Digital biomarker to guide cancer therapy and predict response duration


Precision oncology has led to approved, molecularly specific, biomarker-defined indications for targeted therapies. With the number of validated drug targets increasing, testing each patient’s tumor for all markers related to all possible targeted therapies is infeasible due to limited amount of tissue usually obtained via biopsies. In addition, the current companion diagnostic approach used for most targeted therapies provides limited treatment options, with a binary “yes/no” expected response to a drug and no recommendation for which treatment, among a range of possible options, is likely to be the best option for a particular patient.

The Worldwide Innovative Network for personalized cancer medicine has now reports development of the Digital Display Precision Predictor, a prototype of a global biomarker model to guide treatments with targeted therapy and predict progression-free survival for cancer patients. The paper is published in NPJ Precision Oncology.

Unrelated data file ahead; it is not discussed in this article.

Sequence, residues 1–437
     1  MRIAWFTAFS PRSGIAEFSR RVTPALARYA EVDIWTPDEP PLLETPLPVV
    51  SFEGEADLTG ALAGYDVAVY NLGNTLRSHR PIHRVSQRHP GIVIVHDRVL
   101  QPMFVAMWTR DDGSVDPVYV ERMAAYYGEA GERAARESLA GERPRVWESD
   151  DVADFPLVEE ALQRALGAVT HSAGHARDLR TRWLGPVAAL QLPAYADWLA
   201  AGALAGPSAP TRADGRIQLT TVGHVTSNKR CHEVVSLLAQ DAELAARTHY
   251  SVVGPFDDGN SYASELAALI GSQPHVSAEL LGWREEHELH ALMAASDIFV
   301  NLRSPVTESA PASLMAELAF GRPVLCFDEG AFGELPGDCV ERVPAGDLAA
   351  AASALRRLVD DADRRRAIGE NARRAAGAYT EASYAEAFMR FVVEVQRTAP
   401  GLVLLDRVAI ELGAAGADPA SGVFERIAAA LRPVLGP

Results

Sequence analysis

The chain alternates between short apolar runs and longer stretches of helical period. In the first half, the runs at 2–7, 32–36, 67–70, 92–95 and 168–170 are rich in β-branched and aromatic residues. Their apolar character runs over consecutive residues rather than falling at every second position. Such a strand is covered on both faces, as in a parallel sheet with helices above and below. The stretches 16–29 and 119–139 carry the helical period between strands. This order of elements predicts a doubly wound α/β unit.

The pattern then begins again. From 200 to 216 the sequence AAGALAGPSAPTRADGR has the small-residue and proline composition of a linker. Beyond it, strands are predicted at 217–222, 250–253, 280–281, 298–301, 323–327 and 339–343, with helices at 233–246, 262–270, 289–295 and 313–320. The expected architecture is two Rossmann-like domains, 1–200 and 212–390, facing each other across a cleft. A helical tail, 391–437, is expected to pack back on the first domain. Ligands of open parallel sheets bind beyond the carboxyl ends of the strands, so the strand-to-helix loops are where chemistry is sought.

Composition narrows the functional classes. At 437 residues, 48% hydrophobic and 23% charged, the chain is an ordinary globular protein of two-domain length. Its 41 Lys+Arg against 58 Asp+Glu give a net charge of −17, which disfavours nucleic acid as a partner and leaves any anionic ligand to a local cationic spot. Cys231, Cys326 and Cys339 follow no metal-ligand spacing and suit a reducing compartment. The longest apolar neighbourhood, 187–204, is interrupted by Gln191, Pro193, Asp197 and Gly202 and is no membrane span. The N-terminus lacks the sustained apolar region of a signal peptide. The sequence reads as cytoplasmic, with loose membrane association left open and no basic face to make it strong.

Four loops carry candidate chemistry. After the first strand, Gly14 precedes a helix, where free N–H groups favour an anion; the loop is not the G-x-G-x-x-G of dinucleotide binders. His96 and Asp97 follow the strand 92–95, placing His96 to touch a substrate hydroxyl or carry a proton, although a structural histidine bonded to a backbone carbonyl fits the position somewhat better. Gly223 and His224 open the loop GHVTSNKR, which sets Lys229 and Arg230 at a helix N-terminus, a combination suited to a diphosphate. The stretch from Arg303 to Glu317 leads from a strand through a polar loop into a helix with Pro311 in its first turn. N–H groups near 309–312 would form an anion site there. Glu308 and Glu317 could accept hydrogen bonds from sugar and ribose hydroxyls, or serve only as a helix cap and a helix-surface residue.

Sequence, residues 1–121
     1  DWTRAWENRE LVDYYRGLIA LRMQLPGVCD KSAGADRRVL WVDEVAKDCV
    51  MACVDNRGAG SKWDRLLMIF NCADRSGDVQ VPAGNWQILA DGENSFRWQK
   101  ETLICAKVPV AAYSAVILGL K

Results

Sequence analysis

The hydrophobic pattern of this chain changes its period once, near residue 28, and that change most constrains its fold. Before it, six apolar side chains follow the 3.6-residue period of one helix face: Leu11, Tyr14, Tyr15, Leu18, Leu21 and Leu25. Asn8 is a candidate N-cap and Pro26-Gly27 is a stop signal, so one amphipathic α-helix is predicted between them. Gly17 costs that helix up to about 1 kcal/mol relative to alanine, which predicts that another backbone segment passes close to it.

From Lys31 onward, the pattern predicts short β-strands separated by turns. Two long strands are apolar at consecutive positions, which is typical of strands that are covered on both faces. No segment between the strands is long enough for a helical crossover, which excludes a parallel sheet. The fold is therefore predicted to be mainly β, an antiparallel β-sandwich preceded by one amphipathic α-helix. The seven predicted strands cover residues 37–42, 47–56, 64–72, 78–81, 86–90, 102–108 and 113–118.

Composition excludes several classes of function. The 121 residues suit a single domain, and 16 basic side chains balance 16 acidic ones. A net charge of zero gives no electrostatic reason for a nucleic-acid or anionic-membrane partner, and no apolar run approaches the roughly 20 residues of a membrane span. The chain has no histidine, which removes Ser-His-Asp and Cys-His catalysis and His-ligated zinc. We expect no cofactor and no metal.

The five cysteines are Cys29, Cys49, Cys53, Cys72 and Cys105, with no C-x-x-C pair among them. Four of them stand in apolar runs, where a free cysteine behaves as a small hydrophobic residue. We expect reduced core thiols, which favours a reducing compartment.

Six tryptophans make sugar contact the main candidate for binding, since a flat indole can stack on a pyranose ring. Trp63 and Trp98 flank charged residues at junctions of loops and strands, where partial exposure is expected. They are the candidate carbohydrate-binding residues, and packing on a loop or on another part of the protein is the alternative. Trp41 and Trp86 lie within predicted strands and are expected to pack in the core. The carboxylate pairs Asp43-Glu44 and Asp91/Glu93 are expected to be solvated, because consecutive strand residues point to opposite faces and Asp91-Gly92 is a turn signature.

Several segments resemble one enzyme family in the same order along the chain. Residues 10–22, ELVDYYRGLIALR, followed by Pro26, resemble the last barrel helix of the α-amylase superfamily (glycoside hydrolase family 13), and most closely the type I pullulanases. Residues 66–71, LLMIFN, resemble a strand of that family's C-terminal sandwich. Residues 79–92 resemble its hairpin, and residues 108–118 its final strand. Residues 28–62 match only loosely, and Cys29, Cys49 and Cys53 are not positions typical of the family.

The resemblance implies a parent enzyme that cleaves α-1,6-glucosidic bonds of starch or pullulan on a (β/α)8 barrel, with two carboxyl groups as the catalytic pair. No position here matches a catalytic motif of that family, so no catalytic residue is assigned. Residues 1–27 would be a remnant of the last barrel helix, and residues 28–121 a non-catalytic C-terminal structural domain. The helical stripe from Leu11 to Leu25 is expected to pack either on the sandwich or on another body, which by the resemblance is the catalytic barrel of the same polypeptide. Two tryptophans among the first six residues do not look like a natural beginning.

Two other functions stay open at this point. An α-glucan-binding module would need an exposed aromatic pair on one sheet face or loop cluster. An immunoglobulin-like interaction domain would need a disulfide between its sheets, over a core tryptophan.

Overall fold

The Digital Display Precision Predictor (DDPP) is a biomarker strategy and tool able to predict the duration of progression-free survival (PFS) for multiple targeted treatments for patients with advanced/metastatic cancers, based on the comprehensive investigation of the whole transcriptome (the gene expression profile of the tumor compared to that of normal tissue).

DDPP is based on: (1) the exploration of the whole transcriptome (20,000 genes) providing insight about the status of activation of almost all drug targets in the context of the network of genes or pathways that drive tumor progression; (2) the data can be obtained from a single assessment requiring very small amounts of tumor and analogous normal tissues; and (3) the prediction of the duration of the time until tumor progression (PFS) under a specific therapeutic regimen.

“One of the main challenges of finding new biomarkers is that they are built in a relatively small number of patients treated with the same drug (from the WINTHER trial), for whom both molecular profiles (from tumor and analogous normal tissues) and PFS data were available,” said Dr. Josep Tabernero, vice-chairman and chairman of the Scientific Advisory Board of WIN.

Source: Read Full Article